1827 in literature
This article presents lists of the literary events and publications in 1827.
- January – Amhlaoibh Ó Súilleabháin begins his diary, later published as Cín Lae Amhlaoibh.
- February – Thomas De Quincey's essay On Murder Considered as one of the Fine Arts is published in Blackwood's Magazine.
- February 23 – Sir Walter Scott's authorship of the Waverley Novels is first publicly acknowledged at an Edinburgh Theatrical Fund dinner.
- April 16 (weekly from June 6) – Nathaniel Willis Senior begins publishing a new magazine for children, The Youth's Companion, in Boston, Massachusetts. One of the most enduring of its type, the magazine continues until 1929.
- October 14 – Ludwig Tieck's Potsdam production of A Midsummer Night's Dream is the first to feature the incidental musical score composed by Felix Mendelssohn.
- Samuel Griswold Goodrich publishes the first of the "Peter Parley" juvenile books in the United States that will continue until 1860.
- Thomas Skinner Sturr's anonymous Richmond, or stories in the life of a Bow Street officer, the earliest collection of detective stories, is published in London by Henry Colburn.
- Swedish theatre director Johan Peter Strömberg opens what will become the Christiania Theatre in Norway.
- John James Audubon begins publication of the 10-volume The Birds of America in the United Kingdom.
- James Fenimore Cooper
- Benjamin Disraeli – Vivian Grey, vol. 2
- Thomas Gaspey – Richmond
- Émile de Girardin – Émile
- Catherine Gore
- The Lettre de Cachet
- The Reign of Terror
- Sarah Josepha Hale – Northwood: Life North and South (U.K. title: A New England Tale)
- Wilhelm Hauff
- Jud Süß
- Phantasien im Bremer Ratskeller (The Wine-Ghosts of Bremen)
- Christian Isobel Johnstone – Elizabeth de Bruce
- Sir Thomas Dick Lauder – The Wolf of Badenoch
- Jane Webb (anonymously) – The Mummy!: Or a Tale of the Twenty-Second Century
- Alessandro Manzoni – I Promessi sposi (The Betrothed)
- Sydney, Lady Morgan – The O'Briens and The O'Flaherties
- Karoline Pichler – Die Schweden in Prag (The Swedes in Prague)
- Sir Walter Scott – Chronicles of the Canongate
- Catharine Maria Sedgwick – Hope Leslie
- Horatio Smith – Reuben Aspley
Agnes Strickland – The Juvenile Forget Me Not; Or, Cabinet of Entertainment and Instruction
- John Baldwin Buckstone – Luke the Labourer
- Christian Dietrich Grabbe – Herzog Theodor von Gotland
- Victor Hugo – Cromwell
- Fitz-Greene Halleck – Alnwick Castle, with Other Poems
- Heinrich Heine – Buch der Lieder (Book of Songs)
- John Keble – The Christian Year
- Giacomo Leopardi – Operette Morali
- Robert Pollok – The Course of Time
- Edgar Allan Poe (as A Bostonian) – Tamerlane and Other Poems (his first poetry collection)
- Alfred and Charles Tennyson – Poems by Two Brothers
- Elizabeth Beverley – Veluti in speculum (letters on church singing, theater management, elocution etc.)
- Encyclopædia Edinensis
- Henry Hallam – The Constitutional History of England
- William Macmichael – The Gold-Headed Cane
- John Ayrton Paris – Philosophy in Sport made Science in Earnest: Being an Attempt to Implant in the Young Mind the First Principles of Natural Philosophy by the Aid of the Popular Toys and Sports of Youth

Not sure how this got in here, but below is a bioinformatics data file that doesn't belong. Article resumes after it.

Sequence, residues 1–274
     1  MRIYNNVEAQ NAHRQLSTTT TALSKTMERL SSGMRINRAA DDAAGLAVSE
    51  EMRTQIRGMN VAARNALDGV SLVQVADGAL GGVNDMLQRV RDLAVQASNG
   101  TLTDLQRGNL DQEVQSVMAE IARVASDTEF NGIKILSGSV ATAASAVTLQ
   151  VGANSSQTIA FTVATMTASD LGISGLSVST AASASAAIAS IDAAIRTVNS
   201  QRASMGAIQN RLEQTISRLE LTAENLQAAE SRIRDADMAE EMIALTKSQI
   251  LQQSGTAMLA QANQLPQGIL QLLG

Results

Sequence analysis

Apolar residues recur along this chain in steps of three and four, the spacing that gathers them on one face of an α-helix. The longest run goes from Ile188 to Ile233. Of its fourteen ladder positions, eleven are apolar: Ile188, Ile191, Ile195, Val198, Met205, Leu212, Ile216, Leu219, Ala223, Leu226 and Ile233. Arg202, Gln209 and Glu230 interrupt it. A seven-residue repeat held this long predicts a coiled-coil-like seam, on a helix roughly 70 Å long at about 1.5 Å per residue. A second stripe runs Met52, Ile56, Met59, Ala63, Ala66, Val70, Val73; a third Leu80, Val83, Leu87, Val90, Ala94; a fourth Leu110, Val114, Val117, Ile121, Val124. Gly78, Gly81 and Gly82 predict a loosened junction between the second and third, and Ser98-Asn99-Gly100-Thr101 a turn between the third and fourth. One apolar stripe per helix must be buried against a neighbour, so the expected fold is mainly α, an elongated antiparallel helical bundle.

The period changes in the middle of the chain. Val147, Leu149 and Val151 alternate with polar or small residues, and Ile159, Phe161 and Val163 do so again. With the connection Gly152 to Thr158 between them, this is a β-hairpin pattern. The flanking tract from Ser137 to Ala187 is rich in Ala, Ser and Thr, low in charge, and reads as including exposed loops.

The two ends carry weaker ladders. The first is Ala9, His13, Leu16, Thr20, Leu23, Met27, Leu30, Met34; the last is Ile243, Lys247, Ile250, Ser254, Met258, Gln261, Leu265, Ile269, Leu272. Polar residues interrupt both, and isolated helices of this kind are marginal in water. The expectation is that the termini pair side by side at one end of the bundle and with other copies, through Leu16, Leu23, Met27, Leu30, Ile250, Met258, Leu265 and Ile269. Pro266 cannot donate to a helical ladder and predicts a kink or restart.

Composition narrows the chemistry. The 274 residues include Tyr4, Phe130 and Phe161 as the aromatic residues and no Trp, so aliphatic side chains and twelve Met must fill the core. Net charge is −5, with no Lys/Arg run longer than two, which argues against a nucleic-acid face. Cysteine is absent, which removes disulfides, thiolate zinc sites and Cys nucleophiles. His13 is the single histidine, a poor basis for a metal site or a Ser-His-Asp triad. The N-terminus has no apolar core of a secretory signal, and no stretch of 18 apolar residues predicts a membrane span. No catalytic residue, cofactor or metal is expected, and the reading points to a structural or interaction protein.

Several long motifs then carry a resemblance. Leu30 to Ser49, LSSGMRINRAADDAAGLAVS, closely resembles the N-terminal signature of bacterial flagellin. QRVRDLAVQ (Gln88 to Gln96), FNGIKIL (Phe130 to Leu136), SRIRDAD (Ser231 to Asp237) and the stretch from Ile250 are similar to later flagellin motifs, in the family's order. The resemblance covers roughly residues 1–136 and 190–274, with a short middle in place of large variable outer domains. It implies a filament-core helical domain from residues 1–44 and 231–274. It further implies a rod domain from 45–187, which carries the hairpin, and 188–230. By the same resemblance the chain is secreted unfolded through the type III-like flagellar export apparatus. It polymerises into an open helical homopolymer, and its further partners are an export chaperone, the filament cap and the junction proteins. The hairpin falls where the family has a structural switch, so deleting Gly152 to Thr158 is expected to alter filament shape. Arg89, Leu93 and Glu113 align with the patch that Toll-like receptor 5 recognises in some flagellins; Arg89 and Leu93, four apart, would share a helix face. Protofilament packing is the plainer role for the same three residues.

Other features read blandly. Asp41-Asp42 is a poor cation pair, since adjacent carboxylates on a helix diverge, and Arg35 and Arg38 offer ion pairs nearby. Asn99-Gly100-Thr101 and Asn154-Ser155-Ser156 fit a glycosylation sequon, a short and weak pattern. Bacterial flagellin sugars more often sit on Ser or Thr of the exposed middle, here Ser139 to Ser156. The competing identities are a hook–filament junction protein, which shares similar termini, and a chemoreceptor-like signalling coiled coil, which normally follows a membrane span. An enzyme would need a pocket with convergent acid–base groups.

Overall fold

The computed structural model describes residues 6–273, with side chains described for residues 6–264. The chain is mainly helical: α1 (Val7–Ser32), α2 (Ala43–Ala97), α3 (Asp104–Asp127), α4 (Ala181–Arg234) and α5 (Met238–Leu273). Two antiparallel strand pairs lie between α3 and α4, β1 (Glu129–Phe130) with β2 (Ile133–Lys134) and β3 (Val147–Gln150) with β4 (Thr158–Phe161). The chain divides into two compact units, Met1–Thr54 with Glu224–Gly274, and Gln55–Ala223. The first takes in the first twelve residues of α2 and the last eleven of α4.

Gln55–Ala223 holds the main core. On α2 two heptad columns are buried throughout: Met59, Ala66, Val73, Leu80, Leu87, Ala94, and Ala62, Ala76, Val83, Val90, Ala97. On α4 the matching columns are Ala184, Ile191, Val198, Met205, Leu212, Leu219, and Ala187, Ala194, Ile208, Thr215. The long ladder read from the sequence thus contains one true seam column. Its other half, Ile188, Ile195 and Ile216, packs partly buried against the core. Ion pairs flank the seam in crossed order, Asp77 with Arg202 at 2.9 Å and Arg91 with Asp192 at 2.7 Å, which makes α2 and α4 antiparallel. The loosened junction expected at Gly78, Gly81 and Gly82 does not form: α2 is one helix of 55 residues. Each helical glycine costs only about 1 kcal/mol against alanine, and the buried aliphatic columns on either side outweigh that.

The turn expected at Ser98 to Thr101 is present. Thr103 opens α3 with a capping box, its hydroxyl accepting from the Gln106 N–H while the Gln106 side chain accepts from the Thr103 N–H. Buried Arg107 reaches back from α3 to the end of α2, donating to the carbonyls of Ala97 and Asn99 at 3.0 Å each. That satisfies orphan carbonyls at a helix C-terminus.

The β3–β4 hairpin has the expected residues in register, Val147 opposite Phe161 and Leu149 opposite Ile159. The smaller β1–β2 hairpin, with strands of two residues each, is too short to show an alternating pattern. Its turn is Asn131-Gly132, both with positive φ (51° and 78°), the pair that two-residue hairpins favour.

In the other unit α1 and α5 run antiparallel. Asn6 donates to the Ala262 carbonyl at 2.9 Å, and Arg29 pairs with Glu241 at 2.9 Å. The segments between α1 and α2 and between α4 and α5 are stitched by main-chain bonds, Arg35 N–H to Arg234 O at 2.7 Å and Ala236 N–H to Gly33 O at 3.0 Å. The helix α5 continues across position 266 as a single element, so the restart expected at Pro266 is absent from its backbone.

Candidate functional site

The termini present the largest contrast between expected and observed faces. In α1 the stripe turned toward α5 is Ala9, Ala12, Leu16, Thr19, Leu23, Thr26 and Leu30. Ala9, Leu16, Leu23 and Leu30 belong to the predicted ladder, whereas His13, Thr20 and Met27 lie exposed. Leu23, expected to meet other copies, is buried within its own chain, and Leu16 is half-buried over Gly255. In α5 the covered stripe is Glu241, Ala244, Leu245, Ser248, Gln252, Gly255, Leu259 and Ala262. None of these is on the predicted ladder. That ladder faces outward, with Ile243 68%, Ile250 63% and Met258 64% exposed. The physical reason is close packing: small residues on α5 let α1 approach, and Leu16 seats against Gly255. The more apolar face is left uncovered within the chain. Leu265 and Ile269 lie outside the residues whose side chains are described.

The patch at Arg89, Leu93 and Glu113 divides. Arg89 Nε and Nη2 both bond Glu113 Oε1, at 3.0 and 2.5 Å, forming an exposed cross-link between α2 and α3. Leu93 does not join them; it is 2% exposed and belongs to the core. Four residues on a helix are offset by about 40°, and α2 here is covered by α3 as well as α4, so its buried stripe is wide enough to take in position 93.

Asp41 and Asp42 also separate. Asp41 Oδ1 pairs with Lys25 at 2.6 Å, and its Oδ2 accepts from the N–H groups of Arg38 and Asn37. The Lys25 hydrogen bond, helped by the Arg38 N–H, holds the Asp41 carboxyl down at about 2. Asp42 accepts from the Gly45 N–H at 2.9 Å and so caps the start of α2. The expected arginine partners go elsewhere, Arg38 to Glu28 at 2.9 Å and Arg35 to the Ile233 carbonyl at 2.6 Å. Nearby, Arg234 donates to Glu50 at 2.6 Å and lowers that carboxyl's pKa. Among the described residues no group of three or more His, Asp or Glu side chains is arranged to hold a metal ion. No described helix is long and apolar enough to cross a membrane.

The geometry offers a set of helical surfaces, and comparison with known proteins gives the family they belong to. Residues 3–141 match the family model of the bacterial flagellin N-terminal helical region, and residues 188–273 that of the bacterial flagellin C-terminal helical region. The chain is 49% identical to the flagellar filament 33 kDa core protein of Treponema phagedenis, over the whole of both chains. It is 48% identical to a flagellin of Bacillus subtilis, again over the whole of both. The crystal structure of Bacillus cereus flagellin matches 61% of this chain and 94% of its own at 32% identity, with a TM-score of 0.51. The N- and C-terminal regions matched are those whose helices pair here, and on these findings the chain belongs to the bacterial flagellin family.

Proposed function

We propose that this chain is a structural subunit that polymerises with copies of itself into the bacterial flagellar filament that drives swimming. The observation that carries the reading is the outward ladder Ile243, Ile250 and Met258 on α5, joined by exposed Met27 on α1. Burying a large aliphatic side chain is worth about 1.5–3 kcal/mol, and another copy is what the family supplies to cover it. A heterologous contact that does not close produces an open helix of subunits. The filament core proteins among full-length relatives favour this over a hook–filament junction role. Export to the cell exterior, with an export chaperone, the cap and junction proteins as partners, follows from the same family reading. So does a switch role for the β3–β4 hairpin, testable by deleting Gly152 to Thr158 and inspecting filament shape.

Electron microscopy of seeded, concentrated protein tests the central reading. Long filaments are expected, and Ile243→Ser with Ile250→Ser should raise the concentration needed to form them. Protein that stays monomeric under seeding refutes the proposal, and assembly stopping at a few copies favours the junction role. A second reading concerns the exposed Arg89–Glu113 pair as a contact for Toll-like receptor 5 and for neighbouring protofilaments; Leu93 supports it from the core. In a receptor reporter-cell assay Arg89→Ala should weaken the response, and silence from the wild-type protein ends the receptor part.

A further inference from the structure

- Lady Louisa Stuart – Memoir of Lady Mary Coke
- February 17 – Rose Terry Cooke, American author and poet (died 1892)
- February 22 – Bhudev Mukhopadhyay, Bengali writer and philosopher (died 1894)
- March 4 – Henrietta Keddie (Sarah Tytler), Scottish novelist and children's writer (died 1914)
- March 25 – Edward Bradley, English novelist and cleric (died 1889)
- April 10 – Mary Helen Peck Crane, American activist and writer (died 1891)
- April 10 – Lew Wallace, American soldier, politician and novelist (died 1905)
- April 16 – Octave Crémazie, pioneering French Canadian poet (died 1879)
- June 12 – Johanna Spyri, Swiss children's author (died 1901)
- September 13 – Catherine Winkworth, English translator and hymnist (died 1878)
- September 18 – John Townsend Trowbridge, American author (died 1916)
- Margaret Eleanor Parker, British travel writer, social activist and social reformer (died 1896)
- February 18 – Joseph Heinrich Aloysius Gügler, Swiss philosopher and theologian (born 1782)
- May 28 – William James, English naval historian (born 1780)
- July 3 – David Davis (Castellhywel), Welsh minister and poet (born 1745)
- July 22 – Ludwig Heinrich von Jakob, German economist (born 1759)
- July 27 – Fredrique Eleonore Baptiste, Swedish-Finnish playwright
- August 12 – William Blake, English poet and artist (born 1757)
- September 15 – Robert Pollok, Scottish poet (born c. 1798)
- October 10 – Ugo Foscolo, Greek-born Italian dramatist and poet (born 1778)
- November – Alethea Lewis, English novelist (born 1749)
- November 18 – Wilhelm Hauff, German poet and novelist (born 1802)
- December 15 – Helen Maria Williams, English novelist, poet and translator from French (born 1759)
- December 26 – Feliks Jarońskij, Polish philosopher (born 1777)
- May 12 – Establishment of the Pickwick Club, according to Charles Dickens' The Pickwick Papers (1836).
- "O'Sullivan, Humphrey_1780-1837_Irish_teacher, tradesman". The Diary Junction. PiKLe. July 2008. Retrieved 2013-04-06.
- "Walter Scott – Chronology". The Walter Scott Digital Archive. Edinburgh University Library. 2008-10-13. Retrieved 2013-04-06.
- Ewan, Elizabeth L.; Innes, Sue; Reynolds, Sian; Pipes, Rose (2006). The Biographical Dictionary of Scottish Women. Edinburgh University Press. p. 189. ISBN 9780748626601.